Types of  Coal Contracts

 

Cost-plus contract

The contractor is responsible for development and operations of the coal block. The Government would allow a fixed profit based on percent of operating cost or amount per ton or percent of capital cost etc.

 

Levelised price contract

The contractor is fully responsible for development and operations of the coal block and the price at which the coal is delivered is lump sum on per unit quantity delivered subject to escalation based on some pre-agreed formula (to accommodate change in cost structure).

 

PSC

The contractor  can be given due return on his investment for exploration and production of the coal, during mining operation and the profit coming out of coal production shall be shared between the partners as is done in hydrocarbon production sharing contract in Bangladesh.

                  

Production Sharing Contract (PSC) for Coal Mining 

If the coal reserves of the country could have been exploited with own resources that would have been the ideal for deriving best results but the option is not feasible due to limited resources. When foreign investmenstare  required, the return to investment needs to be ensured. 

Thus, while selecting investor for coal development, the terms of agreement should be such that the investor gets adequate return on investment while Bangladesh gets its due share without compromising any benefit that it may reasonably claim as the sole owner of the resource. 

The mode of investment through PSC is very popular in the oil and gas exploration & development and is the prevailing practice in Bangladesh.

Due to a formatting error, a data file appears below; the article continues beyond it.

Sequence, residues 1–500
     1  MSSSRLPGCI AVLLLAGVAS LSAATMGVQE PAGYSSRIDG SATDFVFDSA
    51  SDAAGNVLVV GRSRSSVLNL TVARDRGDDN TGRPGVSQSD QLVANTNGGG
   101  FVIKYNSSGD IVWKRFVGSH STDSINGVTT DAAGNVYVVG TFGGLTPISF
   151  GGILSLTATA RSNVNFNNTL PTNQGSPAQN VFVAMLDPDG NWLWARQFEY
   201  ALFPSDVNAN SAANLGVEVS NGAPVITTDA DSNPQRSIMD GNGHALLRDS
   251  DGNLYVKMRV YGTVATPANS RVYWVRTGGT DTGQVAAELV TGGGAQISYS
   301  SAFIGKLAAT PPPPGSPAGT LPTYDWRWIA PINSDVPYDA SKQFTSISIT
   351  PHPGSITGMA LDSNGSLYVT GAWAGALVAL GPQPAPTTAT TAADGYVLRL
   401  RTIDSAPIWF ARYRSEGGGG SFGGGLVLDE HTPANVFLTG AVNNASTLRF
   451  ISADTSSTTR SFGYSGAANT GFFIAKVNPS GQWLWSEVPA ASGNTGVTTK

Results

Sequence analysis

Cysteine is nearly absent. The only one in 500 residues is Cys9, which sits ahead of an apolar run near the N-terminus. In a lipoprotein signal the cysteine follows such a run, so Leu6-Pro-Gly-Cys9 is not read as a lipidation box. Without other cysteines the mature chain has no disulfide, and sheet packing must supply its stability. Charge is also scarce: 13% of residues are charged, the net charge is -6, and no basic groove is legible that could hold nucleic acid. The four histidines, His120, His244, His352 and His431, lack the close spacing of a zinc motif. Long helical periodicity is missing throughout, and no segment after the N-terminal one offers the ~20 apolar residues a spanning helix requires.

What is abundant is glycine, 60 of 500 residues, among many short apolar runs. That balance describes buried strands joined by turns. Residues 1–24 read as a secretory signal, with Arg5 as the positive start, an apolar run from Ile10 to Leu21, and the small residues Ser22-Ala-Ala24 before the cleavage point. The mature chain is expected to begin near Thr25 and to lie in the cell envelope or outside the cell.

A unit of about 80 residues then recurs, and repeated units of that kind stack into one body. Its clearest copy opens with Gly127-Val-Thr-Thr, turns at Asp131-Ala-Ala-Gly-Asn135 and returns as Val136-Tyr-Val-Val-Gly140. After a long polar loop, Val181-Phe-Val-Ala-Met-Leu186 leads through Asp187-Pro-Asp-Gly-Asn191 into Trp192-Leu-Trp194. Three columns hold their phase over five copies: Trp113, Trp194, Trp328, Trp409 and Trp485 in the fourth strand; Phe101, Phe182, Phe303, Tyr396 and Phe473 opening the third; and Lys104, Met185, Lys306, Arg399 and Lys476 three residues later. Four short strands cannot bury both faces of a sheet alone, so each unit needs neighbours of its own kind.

This PSC is  defined as a contract between a host government and petroleum company for the exploration and production of petroleum resources where the company`s costs are recovered from a percentage share of production and the balance is shared between the government and the company. 

Petrobangla is well conversed with this PSC since 1974 and  as suchPetrobangla may consider ‘Production Sharing Contract (PSC)’ to be an ideal form of investment for developing the coal sector of  the country. 

 

Suggestions 

In view of above, it is suggested  that a professional study be undertaken to examine prospects and problems of adopting PSC for coal sector development in Bangladesh. This study may include among  others--- 

(i)   the review of coal sector in the country;

(ii)  the investment need;

(iii)  prospects of different mode of invesments;

(iv)  the likelihood of responses from international mining investors or financial institutions;

(v)   comparision of probable mode of invesments for Bangladesh

(vi)  other relevant issues   and

(vii)  drafting a ‘Model PSC for Coal Mining in Bangladesh’,subject to emergence of PSC as the preferred optionto  facilitate developing the coal sector of the country.

 

Conclusion 

Petrobangla with its long experiences can go for ‘coal exploration and development’ through the ‘production sharing contract’ modality. 

In this modality, the investor shall take the responsibility for technical and investment risk in the development of coal fields as his liability and enter into  contract with the client to produce a defined amount of coal per year. The produced coal will be shared  between the client and the investor/contractor. 

The client will pay the contractor the return on investment through offering him coal. The client will get his share of coal free and thecontrctor’s share of coal will be paid by the client. In this process risks are taken by the contractor while the client will get the benefits of foreign investment at an upfront agreed terms and conditions. 

The contractor shall be given due return on his investment for exploration during mining operation. 

Considering circumstances prevailing in Bangladesh, a model coal PSC appropriate for attracting investment in the coal sector may be prepared and selection may be done by conducting international competitive bidding process. 

Engr. Anwar H. Khan, Former Diretor General, Hydrocarbon Unit & Bangladesh Petroleum Institute (BPI)